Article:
The architecture will evolve. And it needs to be natural, together with your project. Not because some architect said so. I was one at some projects and companies. Worked with a number of them. Not superhuman beings. Wrong more than not. The best ones will just know when it is not working, take the losses and move forward. For better of all.

The questions about chosen architecture will be sporadic at the beginning. As time passes, more and more of them will be coming. Till a point when it is a part of daily conversation. Dus, the sooner we start gathering that feedback and start evaluating the current state of things, the better. Define that new target architecture, and based on the feedback you gathered, should be easy. As said, should come naturally. So hence the term evolution mentioned a couple of times till now.

Evolution: A gradual process in which something changes into a different and usually more complex or better form.

Isn't this then work wasted? Sure, if you ask someone that is trained in the witchcraft of scrum. Or solely focused on features without thinking ahead. Then again, numbers can be crunched out. Sacrificing a bit of time to refactor and clean up the technical debt can be shown in a number of ways. Improved productivity, speed of delivery, etc. You're doing it with a reason, as you have numbers already in front of you. And they're not looking good. Just make them into a nice presentation with clear benefits to the business and start gradually. The Big Bang worked once. Don't try repeating a process, go small and support your way with successes.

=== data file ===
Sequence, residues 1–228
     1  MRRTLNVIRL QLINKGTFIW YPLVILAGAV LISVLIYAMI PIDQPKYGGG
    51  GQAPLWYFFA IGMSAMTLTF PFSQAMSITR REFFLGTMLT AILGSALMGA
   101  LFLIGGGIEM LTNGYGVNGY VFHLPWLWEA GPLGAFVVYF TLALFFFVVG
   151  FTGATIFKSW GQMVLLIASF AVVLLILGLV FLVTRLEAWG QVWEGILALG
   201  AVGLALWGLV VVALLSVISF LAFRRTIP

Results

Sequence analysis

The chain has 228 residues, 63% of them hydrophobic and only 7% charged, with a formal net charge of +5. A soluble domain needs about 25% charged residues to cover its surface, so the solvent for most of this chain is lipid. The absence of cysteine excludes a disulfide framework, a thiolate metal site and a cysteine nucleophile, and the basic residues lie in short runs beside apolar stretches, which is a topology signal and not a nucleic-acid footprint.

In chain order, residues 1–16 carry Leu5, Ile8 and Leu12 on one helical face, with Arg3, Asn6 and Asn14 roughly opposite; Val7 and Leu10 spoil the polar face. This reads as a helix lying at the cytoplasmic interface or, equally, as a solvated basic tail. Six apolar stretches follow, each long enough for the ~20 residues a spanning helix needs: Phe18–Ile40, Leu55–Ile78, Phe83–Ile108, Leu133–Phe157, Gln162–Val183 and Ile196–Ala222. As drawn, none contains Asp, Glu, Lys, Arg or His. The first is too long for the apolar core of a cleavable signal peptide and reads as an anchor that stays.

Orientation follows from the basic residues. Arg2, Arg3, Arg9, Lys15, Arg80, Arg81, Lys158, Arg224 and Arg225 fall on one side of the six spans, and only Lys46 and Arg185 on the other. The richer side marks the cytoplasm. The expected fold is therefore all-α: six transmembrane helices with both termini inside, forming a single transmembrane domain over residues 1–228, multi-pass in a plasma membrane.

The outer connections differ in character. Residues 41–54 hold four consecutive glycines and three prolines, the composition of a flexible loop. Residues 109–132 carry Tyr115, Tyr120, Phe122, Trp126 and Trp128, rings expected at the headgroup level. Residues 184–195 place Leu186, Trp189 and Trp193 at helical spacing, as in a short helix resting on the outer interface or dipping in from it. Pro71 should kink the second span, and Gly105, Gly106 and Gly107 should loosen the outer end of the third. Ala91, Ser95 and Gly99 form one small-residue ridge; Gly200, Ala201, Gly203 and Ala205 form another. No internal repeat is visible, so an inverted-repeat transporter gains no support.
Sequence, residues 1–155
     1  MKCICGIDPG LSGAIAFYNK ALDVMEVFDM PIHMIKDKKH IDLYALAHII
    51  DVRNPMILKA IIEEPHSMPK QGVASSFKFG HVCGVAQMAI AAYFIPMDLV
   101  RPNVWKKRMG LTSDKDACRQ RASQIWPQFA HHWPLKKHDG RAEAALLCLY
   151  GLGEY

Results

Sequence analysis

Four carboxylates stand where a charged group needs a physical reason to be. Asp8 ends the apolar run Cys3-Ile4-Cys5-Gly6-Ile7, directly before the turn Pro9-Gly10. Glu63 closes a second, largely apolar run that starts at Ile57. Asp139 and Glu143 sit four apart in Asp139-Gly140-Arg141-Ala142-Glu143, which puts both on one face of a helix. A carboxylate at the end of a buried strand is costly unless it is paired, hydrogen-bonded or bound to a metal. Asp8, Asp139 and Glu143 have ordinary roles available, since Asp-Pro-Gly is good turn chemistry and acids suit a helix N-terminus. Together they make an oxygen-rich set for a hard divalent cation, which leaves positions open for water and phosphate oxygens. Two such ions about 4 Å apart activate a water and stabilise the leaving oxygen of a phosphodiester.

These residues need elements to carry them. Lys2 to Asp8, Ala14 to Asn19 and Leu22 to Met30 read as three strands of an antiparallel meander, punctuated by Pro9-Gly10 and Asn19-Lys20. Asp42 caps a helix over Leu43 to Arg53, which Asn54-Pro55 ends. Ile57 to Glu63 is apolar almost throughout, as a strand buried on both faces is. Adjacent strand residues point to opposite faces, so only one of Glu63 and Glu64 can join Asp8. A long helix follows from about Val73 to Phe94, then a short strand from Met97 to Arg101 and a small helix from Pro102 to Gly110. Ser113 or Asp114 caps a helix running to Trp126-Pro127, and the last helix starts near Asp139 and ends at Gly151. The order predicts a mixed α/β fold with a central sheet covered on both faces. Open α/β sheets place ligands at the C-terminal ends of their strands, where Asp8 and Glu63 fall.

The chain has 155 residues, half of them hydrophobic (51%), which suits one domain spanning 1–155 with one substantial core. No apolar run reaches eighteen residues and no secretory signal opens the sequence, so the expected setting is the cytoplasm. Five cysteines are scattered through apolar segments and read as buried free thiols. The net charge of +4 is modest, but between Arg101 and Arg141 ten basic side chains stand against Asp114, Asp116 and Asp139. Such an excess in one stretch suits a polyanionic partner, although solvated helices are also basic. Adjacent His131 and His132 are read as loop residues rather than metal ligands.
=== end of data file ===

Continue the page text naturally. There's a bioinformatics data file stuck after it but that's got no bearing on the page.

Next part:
One of the triggers for this writing was just the latest warning from another team out there. And the reaction that it received. I am talking about Amazon Prime Team moving to the monolith. From serverless, and as many stressed out one of their major products is the cloud offering. Some of the reactions and comments, to be fully honest, baffled me. It reads like they said: You must use our lambdas for everythiiiiiing. Or anything else they have in their product base. No, that was probably your architect. Saw it at some conference, and thought he gonna be clever. And, maybe it works for your project. For the Prime team, it just didn't. They were brave enough to come out and say it. So that others can learn. Like so many examples before this.

The baffling part for me is the polarity of these discussions. And reactions. It reads like Facebook posts. So glad I deleted that before it was cool to do so. Amazon is a business with many products, so don't consider what they come up with as the way forward. They're comprised of the same people as you and I. And we know how often we have no clue. You pick your poison. You live with it. And if that is serverless, it is your choice. Don't base your architectural choices based on who has the best pitch sale on the hype of the day.

To close this up. Architecture, same as code, should evolve with the project and its needs. Otherwise, it becomes a bottleneck and the reason behind many frustrations. Keep that in mind for next time and plan accordingly. Invest in good code practices so that transition can be made as painlessly as possible. And don't base your architectural choices based on the hype. Base it on project needs by understanding the tradeoffs of each of the styles out there. Pick one, that seems like a good choice. If it was even down the road, good for you. If it wasn't, time to evolve.

Till next time, evolve your architecture like a Pokemon.